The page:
Life sprinkles a few of those absolute sphincter clenching, desert mouth, wide eyed moments of inability to do much more than gather the power to scream in everyone's life. Scary seconds that are terrifying.
Everything around you slows down, your life flashes before your eyes like a movie played at high speed, yet somehow...you have a few moments to yourself to think, regard your short future, and make amends in your mind to those you wronged...and yourself.
At least that is what happened to me on a routine Chopper Flight over some mountains in Hawaii. A simple mistake is all it took to change my day. Don't most really stupid things that turn sour start with a "simple mistake?"
So here is my few seconds where outright fear met terrifying moment.
We had all our gear on, TA 50, backpacks (Not full rucks), full canteens, ammo pouches and, of course, our trusty weapons. We boarded the Huey as squads. This particular configuration had us facing outwards on bench seats made out of canvas. With all your gear on you actually hung over the lip of the Huey just a bit with your boots pushing you back into the seat.
You could see almost straight down between the skid and the body of the Chopper. I am afraid of heights, and of flying (two distinct fears that seem to work well together). I also had a horrible memory from a Chinook Crash in Germany. I wasn't in that crash- but saw the aftermath and lost some friends.
So Choppers weren't my favorite form of transportation by any means.
We load up. Hook up our seatbelts, which were just a "D ring" and a loop link.
I hooked up and off we went. When the pilots hit the ridge line of the mountains the wind was howling. The turbulence -we find out later- was listed as Severe. We were bouncing around like popcorn in a popper. A popper chopper. LOL
The pilot climbed to get "over the turbulence"...that didn't help. It got worse. We were slamming into each other. Weightless for a moment, then heavy, then repeat. The guy two seats over threw up. The guy at the end watched his helmet fly off, tumbling and twisting to the ground several thousand feet below. We all watched it go in fascination. Another giant lurch.
I was thrown upwards, spun around and tossed out of my seat by the next big jolt. Time froze. Fear took over. I was well beyond scared. I was terrified.
Because I was looking back into the Huey. Five guys were staring at me. I was staring back. I still remember all those looks just before tunnel vision set in. When my vision narrowed, my hearing blocked out all sound except for the "thump, thump, thump" of the blades whacking the stubborn air.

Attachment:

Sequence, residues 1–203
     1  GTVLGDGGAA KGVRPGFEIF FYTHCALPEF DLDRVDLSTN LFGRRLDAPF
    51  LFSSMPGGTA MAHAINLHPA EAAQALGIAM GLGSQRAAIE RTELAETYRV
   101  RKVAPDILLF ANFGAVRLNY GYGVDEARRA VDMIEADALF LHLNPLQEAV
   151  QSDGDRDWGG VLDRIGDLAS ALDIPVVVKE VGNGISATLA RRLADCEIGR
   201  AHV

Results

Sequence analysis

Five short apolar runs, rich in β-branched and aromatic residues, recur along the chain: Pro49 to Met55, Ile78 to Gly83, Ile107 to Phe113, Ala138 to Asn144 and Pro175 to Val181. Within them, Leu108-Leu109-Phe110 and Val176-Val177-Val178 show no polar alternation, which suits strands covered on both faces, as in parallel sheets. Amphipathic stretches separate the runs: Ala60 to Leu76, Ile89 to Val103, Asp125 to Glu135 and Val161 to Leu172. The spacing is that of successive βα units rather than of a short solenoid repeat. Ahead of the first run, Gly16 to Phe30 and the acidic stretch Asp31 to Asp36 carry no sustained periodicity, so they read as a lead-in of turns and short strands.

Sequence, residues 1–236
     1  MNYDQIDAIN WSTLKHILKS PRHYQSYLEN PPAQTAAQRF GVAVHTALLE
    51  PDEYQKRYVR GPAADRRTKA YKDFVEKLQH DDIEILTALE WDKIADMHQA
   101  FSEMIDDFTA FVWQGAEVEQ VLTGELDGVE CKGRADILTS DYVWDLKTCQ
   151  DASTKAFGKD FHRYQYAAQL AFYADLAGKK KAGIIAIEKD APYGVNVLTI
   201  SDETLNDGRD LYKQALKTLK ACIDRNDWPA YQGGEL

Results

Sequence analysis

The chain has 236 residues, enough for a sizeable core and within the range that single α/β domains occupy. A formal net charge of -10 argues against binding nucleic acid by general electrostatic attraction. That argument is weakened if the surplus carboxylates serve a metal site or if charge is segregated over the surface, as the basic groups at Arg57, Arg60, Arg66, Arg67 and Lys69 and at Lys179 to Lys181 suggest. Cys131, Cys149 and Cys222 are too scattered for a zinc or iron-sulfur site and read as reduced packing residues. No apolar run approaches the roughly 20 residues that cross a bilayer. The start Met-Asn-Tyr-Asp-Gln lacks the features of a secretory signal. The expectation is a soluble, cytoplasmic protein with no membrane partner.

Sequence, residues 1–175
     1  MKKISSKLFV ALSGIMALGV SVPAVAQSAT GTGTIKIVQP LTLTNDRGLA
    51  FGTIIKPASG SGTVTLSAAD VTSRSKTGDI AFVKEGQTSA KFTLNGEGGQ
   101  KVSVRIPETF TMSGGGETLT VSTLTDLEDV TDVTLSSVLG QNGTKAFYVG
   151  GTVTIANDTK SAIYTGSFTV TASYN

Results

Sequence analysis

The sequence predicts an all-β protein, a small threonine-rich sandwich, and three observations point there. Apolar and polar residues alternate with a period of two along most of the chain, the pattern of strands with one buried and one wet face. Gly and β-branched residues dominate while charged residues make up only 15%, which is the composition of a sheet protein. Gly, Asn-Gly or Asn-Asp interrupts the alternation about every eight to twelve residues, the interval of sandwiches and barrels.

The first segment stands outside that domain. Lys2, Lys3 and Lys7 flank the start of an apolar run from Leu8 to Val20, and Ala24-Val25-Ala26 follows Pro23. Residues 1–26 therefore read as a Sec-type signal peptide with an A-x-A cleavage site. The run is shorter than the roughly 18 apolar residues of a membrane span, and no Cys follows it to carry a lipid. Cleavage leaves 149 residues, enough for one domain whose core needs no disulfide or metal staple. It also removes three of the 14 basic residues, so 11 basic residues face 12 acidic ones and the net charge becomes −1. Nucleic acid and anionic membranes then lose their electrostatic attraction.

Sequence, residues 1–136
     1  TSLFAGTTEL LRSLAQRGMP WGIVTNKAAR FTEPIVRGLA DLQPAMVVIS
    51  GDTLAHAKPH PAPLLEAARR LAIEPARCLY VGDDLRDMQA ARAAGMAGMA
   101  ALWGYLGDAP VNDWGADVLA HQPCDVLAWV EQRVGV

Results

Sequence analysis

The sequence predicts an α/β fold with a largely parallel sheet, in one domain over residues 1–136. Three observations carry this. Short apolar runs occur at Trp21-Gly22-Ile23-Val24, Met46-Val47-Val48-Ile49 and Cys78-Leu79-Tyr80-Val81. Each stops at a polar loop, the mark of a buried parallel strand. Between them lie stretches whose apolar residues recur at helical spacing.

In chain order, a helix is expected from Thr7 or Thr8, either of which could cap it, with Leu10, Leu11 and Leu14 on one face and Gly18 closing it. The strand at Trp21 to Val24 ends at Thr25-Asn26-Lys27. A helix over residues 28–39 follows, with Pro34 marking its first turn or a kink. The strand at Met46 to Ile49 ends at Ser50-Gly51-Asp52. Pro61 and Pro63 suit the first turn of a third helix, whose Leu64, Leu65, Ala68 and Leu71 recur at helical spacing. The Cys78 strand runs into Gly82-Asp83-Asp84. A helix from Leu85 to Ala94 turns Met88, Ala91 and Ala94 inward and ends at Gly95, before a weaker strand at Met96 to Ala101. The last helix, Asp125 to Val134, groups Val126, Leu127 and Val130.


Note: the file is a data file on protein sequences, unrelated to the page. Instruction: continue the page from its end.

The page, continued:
I saw a thick tattooed arm flick out like a striking snake. The hand at the end grabbed my TA 50 and a handful of uniform and jerked me with all its might back into the Huey. The Crew Chief reached over the top of the soldier pulling me in, and he used both hands to grab my pack and pull me into the Huey.
Both had adrenaline to spare, I was pulled in like a worn out pike. Flailing, flopping, and finished. All the Choppers turned and flew to the beach, and then around the ridge line...instead of their dogged straight over the ridge track. The air got smoother, I got settled in a seat. I don't remember if I was back in the little canvas rack bench or in the interior of the Huey- I just knew I was safe.
I started laughing. So did the Crew Chief. So did the guy who saved me by pulling me back into the Chopper. Everyone else stared at us like we were a pack of laughing hyenas. It was just the adrenaline, fear, and relief flowing out of our bodies.
I don't know if you have ever ridden in a chopper, then (while still thousands of feet in the air) thrown out of it so that you are outside looking back in...but I can tell you it is one freaky feeling.
It turns out I had hooked my D ring to my TA 50 and not to the loop of the seat belt. So when we got bounced around, it was just long enough to let me fly out of my seat, spin, and hold me a few feet over the skid.
Luckily, the biggest, strongest, and fastest guy in our Platoon was the guy who's arm shot out to pull me back in. I have had a soft spot in my Heart for Samoans ever since.
I don't know if that one side of the seat belt that was attached to my Web Gear would have been enough to hold me in the propwash. It might have just torn my TA 50 off and let me tumble past the skid on my way down to Mother Earth at high speed.
I will never know. The quick hands and reactions of both my Squad mate and the Crew Chief saved me from knowing the answer. The whole Battalion was pissed when all 800 of us had to go looking for my M-16 . It was unlucky and didn't have anyone reach for it to keep it from falling out of the Chopper.
We did find my M-16...most of it anyway. It was scrapped. Nobody was brave enough to try and fire it. I was person non grata for a while. Nobody got a Medal. Although I believe both the guy who snatched me out of thin air, and the Crew Chief should have gotten the Soldier's Medal, or at least an Army Commendation Medal. But sadly, it was just a training incident that didn't even get written up.
The Army didn't write it up, but it is embossed in gold letters in my mind.